Phillips Teams Up With Another Auction House as Part of an Ambitious Plan to Grow Its Foothold in China

A collaboration with Beijing's Yongle Auction will allow Phillips's international clients to bid at sales in mainland China.

Basquiat's Untitled unveiled in Phillips London. Courtesy of Phillips.

Phillips will team up with Chinese auction house Yongle to form a new partnership—the two will collaborate on a series of fall sales in Hong Kong and Beijing. The ambitious plan is the London-headquartered auctioneer’s latest bid to further advance its market presence in mainland China while creating a new opportunity for international buyers to bid in a mainland auction.

The series will kick off in Hong Kong with day and evening sales that will run from November 30 to December 1 of works spanning 20th century, contemporary, and design categories, organized and curated by Phillips. This will be followed by an auction of modern and contemporary art in Beijing in early December, curated and conducted by Yongle.

Yongle, otherwise known as Beijing Yongle International Auction Co., Ltd., is a part of the Yongle Culture Group, a private company that runs businesses spanning art auctions, acquisitions, and financial leasing, as well as appraisal, exhibition, and IP (intellectual property) developments. The company was founded in 2005 under a different name before it was restructured; it staged its inaugural sale under Yongle Auction in summer 2020 in Beijing. Last fall, it set an auction record for a sale of western art in mainland China with Balthus’s The Cat in the Mirror III, which sold for 167 million yuan ($26.19 million).

This is not the first time Phillips has collaborated with a Chinese auction house. The partnership with Yongle came after nearly two years of successful collaboration with Poly Auction that ran from 2020 through fall 2021. The collaboration with Poly, however, was primarily a Hong Kong-based one—it was a partnership with Poly Auction Hong Kong, which identifies itself as an individual company that separates itself from Beijing Poly International Auction (both belong to the state-owned, Beijing-headquartered, and Hong Kong-listed Poly Culture Group). The sales were conducted in Hong Kong with phone bidders dialling in through the Beijing offices.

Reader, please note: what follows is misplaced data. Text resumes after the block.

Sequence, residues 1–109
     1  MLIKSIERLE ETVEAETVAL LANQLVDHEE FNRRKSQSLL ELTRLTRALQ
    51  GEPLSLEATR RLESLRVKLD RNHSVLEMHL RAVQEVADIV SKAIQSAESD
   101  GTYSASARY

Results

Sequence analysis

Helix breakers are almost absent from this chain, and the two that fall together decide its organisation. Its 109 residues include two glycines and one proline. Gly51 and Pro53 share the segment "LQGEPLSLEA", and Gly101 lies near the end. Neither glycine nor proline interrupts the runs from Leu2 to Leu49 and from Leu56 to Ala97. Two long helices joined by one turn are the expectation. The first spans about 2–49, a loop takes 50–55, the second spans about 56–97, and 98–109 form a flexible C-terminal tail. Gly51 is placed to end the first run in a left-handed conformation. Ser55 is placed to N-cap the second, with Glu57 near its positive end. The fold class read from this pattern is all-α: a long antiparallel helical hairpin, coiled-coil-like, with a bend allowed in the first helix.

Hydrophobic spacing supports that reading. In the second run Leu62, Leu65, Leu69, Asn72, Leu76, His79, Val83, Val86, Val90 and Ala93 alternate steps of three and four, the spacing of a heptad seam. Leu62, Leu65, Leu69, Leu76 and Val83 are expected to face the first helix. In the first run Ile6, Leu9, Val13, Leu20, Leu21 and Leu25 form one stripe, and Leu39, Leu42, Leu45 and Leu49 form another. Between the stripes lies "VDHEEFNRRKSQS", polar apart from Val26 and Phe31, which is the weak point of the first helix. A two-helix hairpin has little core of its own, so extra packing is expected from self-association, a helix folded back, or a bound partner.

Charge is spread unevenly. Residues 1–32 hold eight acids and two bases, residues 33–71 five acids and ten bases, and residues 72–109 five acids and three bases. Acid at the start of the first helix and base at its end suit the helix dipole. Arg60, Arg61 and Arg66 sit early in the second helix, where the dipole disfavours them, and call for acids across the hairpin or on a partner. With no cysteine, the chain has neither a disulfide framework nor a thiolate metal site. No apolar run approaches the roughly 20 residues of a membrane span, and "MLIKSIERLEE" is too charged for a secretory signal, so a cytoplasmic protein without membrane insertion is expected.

Yongle Beijing

A scene from Yongle Beijing’s Global Vision – Modern & Contemporary Art Evening Sale. Courtesy of Yongle Auction.

The collaboration with Yongle is expected to take this kind of partnership to a different terrain given that Yongle is a Beijing-based auction house and that the collaboration involves live auctions in both Hong Kong and Beijing.

It is also in-line with Phillips’s growing ambitions since it set foot in the region via Hong Kong in 2015. On the heels of a record year for the house 2021, which sales totalling $1.2 billion, it announced it will be moving to its new Hong Kong headquarters in West Kowloon Cultural District in spring 2023.

“Greater China is a critical component of our growth strategy,” Stephen Brooks, Phillips’s CEO, said in a statement. “Working with Yongle on the ground will allow us to stage auction related programs in Beijing and Shanghai, and to directly serve [the mainland Chinese collecting] community by bringing the very best of western 20th century and emerging contemporary art to mainland Chinese clients.”

Bidders in Asia accounted for 40 percent of Phillips’ global sales in the first half of 2022, according to Jonathan Crockett, Asia chair of Phillips. This included the $85 million sale of the 1982 Jean-Michel Basquiat work from the collection of Yusaku Maezawa to an Asian collector.

Zhao Xu, the founder of Yongle Culture Group, said it has been the group’s aspiration to broaden its global presence and that, through the partnership with Phillips, it hopes to “further expand Yongle’s growth domestically and internationally.”

The new partnership has emerged amid China’s economic downturn brought upon by the ongoing “zero-Covid” policy that keeps the country in prolonged periods of on-and-off lockdowns. Latest estimation from the Asian Development Bank forecasts that China’s growth will be slower than that of the rest of Asia’s developing economies for the first time in 30 years.

Prolonged lockdowns have also caused a slump in property market, which led to the closure of the 19-year-old Guangdong Times Museum in Guangzhou in October and its sister space in Berlin earlier; both were backed by property developer Times China. China’s billionaires have also reportedly trying to leave the country and bring an estimated $60 million wealth with them.

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